Author Archives: Alex Bigman

3 ways to rethink nonprofit design

Nonprofit organizations don’t operate like for-profit organizations. Should they be designed like them? There are many reasonable questions a designer might encounter upon striking up a professional relationship with a not-for-profit company. What sort of hierarchy will best suit the website? Are there special rules for designing a nonprofit logo, as opposed to a for-profit one?... Read More

December 12th By

Insight from up-and-coming web designer, UndoRedo

Tiffany Tannone, a.k.a. UndoRedo, has really been impressing us lately with her bright, illustration-heavy web designs. Turns out she is new to the field. We spoke with her about the influence of comics, the choice of illustration versus photography, and vintage signage – among other things. Read on for the interview. Name: Tiffany Tannone 99designs handle: UndoRedo Location: Wichita, Kansas... Read More

November 21st By

Looking back at Dan Friedman’s radical modernism

If you’re ever in New York City, make sure to stop by AIGA’s National Design Center, the ground floor of which serves as a gallery for rotating exhibitions of work in design. Currently they have an excellent show devoted to the career of Dan Friedman, a pioneer of “new wave” design in the 1970s and... Read More

November 12th By

4 key principles of web design

If you’ve ever researched web design principles, you’re probably more than familiar with the following attitude: “Web design is just so easy these days. With lightning-fast internet speed and sophisticated browsers, designers hardly have to deal with any of the restrictions that shaped the early days of the web. A website is, more than ever, a... Read More

November 7th By

The best (and worst) of horror movie poster design

The minimalist movie poster re-design has grown into a full-fledged phenomenon. They may be tokens of shameless nostalgia, but they are also an invitation to clever visual play and a good way for today’s talented designers to show off their chops. Of course, every trend yields its share of duds – and this one is no exception. Below,... Read More

October 30th By

We chat with 3D design wiz, MirkoAndricDesign™

We’ve been wowed for a while by MirkoAndricDesign™‘s impressive grasp on 3D design. Deftly designing 3D models and renderings, he’s brought restaurant, apartment and office interiors to life, and helped inventors visualize the look of new products. We decided to chat with Mirko about how he got started and his plans for the future. Name: Mirko Andrić... Read More

October 24th By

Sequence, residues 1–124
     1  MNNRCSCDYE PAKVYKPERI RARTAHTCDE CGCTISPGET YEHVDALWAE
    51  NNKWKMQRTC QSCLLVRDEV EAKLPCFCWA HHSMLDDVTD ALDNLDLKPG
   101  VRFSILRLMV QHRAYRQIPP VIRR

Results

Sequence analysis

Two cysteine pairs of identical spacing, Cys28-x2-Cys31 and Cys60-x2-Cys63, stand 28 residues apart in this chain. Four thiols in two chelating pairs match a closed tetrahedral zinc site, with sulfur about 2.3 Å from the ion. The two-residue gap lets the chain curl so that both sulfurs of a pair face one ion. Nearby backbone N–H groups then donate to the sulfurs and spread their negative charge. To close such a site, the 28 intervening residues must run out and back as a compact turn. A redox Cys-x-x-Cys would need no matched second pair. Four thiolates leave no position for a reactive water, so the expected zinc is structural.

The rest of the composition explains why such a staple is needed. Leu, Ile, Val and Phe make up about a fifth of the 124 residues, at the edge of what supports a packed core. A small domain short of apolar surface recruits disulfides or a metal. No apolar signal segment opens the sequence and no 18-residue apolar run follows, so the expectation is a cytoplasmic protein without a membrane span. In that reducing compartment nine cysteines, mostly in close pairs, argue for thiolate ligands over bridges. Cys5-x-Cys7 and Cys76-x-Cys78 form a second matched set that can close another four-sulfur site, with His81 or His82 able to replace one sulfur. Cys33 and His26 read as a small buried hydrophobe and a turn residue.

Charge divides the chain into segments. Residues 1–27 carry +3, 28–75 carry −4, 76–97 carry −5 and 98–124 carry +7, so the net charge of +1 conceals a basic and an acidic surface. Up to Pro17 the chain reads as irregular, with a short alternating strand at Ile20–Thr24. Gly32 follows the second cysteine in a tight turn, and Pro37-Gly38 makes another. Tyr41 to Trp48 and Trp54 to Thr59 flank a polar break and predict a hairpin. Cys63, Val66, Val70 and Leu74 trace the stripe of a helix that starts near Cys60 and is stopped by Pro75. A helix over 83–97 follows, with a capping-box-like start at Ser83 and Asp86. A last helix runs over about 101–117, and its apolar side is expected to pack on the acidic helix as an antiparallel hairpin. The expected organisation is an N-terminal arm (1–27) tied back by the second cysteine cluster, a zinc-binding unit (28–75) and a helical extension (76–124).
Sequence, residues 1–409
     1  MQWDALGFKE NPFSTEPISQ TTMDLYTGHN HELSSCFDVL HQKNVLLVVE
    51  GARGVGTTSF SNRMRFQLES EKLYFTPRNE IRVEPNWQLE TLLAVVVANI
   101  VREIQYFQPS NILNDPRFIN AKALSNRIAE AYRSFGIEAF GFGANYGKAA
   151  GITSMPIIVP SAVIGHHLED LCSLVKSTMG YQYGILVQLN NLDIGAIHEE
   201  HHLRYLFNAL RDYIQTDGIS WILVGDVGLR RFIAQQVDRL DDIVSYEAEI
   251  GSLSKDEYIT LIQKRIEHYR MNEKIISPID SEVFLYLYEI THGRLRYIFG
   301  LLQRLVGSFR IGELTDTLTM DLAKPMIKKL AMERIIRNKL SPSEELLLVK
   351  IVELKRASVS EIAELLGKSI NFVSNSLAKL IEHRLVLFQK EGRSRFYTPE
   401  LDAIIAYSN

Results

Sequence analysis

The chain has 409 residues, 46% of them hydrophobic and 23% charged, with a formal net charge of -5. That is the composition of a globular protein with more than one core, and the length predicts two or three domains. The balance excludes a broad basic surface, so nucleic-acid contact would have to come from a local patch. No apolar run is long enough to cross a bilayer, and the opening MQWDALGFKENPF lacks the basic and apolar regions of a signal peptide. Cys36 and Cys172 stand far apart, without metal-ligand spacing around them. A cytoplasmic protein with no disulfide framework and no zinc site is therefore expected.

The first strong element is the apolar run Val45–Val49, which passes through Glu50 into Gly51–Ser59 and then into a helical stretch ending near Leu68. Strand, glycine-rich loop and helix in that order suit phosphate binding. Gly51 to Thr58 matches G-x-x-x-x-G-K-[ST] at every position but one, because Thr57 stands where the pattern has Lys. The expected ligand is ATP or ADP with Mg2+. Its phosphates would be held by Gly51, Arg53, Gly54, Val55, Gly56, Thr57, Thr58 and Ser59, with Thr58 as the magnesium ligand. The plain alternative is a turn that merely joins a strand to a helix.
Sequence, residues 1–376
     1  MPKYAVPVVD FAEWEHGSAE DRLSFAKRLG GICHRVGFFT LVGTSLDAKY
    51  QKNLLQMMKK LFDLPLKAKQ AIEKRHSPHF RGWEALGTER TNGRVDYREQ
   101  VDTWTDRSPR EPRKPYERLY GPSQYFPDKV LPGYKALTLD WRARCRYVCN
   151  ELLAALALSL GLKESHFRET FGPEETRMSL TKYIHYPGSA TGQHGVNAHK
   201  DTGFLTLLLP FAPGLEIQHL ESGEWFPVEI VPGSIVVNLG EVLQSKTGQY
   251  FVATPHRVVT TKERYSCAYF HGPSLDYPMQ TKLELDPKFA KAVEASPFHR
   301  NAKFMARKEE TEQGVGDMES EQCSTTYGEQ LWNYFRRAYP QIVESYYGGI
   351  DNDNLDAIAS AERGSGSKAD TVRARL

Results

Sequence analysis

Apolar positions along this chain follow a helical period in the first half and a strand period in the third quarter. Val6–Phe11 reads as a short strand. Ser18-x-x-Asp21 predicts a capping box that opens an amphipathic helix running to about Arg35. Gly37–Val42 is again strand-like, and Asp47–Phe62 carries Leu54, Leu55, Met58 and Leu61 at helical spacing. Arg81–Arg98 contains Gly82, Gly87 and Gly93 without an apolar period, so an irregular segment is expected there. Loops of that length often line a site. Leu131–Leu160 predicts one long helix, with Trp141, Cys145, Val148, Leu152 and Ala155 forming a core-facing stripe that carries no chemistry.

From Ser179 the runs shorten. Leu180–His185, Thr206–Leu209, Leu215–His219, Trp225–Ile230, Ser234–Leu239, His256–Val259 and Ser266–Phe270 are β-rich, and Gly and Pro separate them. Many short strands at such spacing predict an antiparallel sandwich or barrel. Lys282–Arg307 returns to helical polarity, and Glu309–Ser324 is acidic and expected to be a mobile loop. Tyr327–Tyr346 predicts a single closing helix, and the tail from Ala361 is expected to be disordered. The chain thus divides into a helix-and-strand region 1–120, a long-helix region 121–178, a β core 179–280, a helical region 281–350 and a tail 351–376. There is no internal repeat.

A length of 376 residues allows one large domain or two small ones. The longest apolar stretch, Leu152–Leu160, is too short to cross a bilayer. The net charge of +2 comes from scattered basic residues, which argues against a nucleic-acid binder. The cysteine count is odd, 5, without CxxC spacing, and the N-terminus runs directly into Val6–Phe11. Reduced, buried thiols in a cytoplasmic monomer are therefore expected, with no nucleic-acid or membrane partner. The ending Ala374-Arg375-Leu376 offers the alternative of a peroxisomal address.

Trend Report: Ranking the styling of sleep apps

Among smartphone users’ many concerns, not getting good sleep ranks pretty high. In recent years, a deluge of “sleep tracking” apps have emerged – many offering similar capabilities: tracking REM cycles to fix poor sleeping patterns, waking you up at ideal times (through data), and sometimes even recording your sleep sounds for self-analysis. Even without considering... Read More

October 17th By

10 winning ways to enhance your email design

The idea of junk mail—the kind that arrives in your (actual) mailbox, stuffed in an (actual) envelope—has never seemed so quaint. This is without question the heyday of the email newsletter. This is not to say that design approaches to this digital-born marketing tool have been at all codified. To the contrary, email newsletter strategy largely... Read More

October 3rd By

Taking stock of the craft beer movement and its image

In 1949, LIFE magazine ran a nifty chart (below) plotting Americans’ tastes across the “brow” spectrum: highbrow being the most intellectual and sophisticated group, lowbrow the least. For example, where the most refined among us (retrospectively speaking) might attend a ballet for entertainment, the lowbrows would catch a Western flick. For drink, wine reigned at the top; beer was... Read More

September 29th By

The challenge of branding across languages

If you asked for the most general definition of a logo, you’d probably get something like “a mark that stands for a company or product.” The implication is that it doesn’t matter what the mark is; anything could work. But then, can we assume the effect of a logo is universal—even across languages? Apparently not, based on... Read More

September 17th By

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